By yourself .. the fascinating story of Kim Goodsell (via Ars)
Kim Goodsell was running along a mountain trail when her left ankle began turning inward, unbidden. A few weeks later she started having trouble lifting her feet properly near the end of her runs, and her toes would scuff the ground. Her back started to ache, and then her joints, too.
This was in 2002, and Kim, then 44 years old, was already an accomplished endurance athlete. She cycled, ran, climbed, and skied through the Rockies for hours every day; she was a veteran of Ironman triathlons. She’d always been the strong one in her family. When she was four, she would let her teenage uncles stand on her stomach as a party trick. In high school, she was an accomplished gymnast and an ardent cyclist. By college, she was running the equivalent of a half marathon on most days. It wasn’t that she was much of a competitor, exactly—passing someone in a race felt more deflating than energizing. Mostly Kim just wanted to be moving.
So when her limbs started glitching, she did what high-level athletes do, what she had always done: she pushed through. But in the summer of 2010, years of gradually worsening symptoms gave way to weeks of spectacular collapse. Kim was about to head to Lake Superior with her husband, CB. They planned to camp, kayak, and disappear from the world for as long as they could catch enough fish to eat. But in the days before their scheduled departure, she could not grip a pen or a fork, much less a paddle. Kim, a woman for whom extreme sports were everyday pursuits, could no longer cope with everyday pursuits. Instead of a lakeside tent, she found herself at the Mayo Clinic in Rochester, Minnesota.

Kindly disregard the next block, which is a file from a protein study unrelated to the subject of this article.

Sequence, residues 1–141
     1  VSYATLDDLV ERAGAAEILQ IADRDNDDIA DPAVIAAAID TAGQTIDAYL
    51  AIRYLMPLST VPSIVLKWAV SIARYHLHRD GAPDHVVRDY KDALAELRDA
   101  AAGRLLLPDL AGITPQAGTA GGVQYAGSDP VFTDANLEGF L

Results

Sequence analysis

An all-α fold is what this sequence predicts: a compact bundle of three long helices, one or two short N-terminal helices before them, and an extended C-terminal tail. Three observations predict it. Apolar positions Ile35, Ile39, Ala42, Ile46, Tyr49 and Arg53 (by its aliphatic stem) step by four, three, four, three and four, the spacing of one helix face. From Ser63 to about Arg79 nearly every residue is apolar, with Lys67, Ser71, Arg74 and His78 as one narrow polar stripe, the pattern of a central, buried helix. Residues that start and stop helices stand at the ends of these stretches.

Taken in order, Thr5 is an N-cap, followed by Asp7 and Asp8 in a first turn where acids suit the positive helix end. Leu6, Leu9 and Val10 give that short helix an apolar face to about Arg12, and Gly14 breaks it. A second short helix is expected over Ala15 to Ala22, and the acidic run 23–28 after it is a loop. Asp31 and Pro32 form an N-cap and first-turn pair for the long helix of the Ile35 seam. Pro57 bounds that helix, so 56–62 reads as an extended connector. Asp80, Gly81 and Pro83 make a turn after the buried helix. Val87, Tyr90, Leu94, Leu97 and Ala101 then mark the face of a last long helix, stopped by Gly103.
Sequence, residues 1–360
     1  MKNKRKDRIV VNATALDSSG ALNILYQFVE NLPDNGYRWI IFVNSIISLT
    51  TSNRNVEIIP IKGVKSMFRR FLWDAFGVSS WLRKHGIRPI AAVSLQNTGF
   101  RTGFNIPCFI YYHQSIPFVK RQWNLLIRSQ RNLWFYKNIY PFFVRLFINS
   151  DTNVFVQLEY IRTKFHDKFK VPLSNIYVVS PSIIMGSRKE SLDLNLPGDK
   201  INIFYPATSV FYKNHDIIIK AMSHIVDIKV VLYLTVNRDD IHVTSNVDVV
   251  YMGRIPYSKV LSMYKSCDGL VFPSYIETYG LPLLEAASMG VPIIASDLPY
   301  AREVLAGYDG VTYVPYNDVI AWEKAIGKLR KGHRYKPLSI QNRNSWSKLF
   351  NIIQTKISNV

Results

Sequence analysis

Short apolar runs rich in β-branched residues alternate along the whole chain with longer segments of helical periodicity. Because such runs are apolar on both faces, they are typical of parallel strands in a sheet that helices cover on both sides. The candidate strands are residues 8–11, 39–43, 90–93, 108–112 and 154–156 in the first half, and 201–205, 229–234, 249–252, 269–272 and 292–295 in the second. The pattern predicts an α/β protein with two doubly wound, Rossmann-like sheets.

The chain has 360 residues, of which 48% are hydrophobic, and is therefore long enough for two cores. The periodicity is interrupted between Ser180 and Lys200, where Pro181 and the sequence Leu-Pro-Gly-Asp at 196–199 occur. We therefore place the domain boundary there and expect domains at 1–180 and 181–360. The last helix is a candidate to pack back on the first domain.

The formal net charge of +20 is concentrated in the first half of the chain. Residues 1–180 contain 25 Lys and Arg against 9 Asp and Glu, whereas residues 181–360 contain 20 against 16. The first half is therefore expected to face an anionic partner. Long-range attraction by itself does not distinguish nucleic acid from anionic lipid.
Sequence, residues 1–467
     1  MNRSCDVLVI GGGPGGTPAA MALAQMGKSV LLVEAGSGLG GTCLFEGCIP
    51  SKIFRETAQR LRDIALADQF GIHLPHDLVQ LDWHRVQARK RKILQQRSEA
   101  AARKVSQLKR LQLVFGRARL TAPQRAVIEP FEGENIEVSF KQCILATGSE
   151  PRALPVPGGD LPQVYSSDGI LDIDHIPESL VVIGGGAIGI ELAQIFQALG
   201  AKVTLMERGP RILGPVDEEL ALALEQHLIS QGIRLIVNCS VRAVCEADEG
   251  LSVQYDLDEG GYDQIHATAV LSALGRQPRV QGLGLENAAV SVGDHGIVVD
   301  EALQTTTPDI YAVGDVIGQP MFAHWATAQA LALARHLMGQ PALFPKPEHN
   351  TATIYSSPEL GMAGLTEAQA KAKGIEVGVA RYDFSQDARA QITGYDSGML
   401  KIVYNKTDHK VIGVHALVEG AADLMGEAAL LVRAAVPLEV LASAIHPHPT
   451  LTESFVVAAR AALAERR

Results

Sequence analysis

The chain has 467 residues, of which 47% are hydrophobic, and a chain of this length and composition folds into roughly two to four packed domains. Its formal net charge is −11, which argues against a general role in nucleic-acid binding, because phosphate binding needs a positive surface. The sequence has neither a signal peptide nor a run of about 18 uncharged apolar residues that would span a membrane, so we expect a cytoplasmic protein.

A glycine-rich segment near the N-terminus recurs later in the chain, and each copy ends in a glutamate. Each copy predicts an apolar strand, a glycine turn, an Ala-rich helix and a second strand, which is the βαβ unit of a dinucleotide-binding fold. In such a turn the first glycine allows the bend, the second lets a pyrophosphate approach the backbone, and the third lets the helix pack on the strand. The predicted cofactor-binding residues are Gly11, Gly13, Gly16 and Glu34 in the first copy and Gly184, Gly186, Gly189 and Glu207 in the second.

After four days of tests, Kim’s neurologist told her that she had Charcot–Marie–Tooth disease, a genetic disorder that affects the peripheral neurons carrying signals between the spinal cord and the extremities. It’s rare and carries a varying suite of symptoms, but Kim’s are typical, starting at the feet and heading upward. The neurologist explained that as her neurons died, the surviving cells picked up the slack by sprouting new branches—a workaround that masked the underlying degeneration until the rate of cell death outpaced the rate of compensation. Hence Kim’s crash.
The neurologist told her to come back in a year so he could check how quickly the disease was progressing, but it would certainly progress. Charcot–Marie–Tooth has no cure.
The Goodsells drove home, and Kim, exhausted, slept for two days. When she woke up, she got to work. “My reaction to things that I have no control over is to find out as much as I can about them,” she says. She started by reviewing her clinic notes, and quickly she noticed something odd: there was hardly any mention of her heart.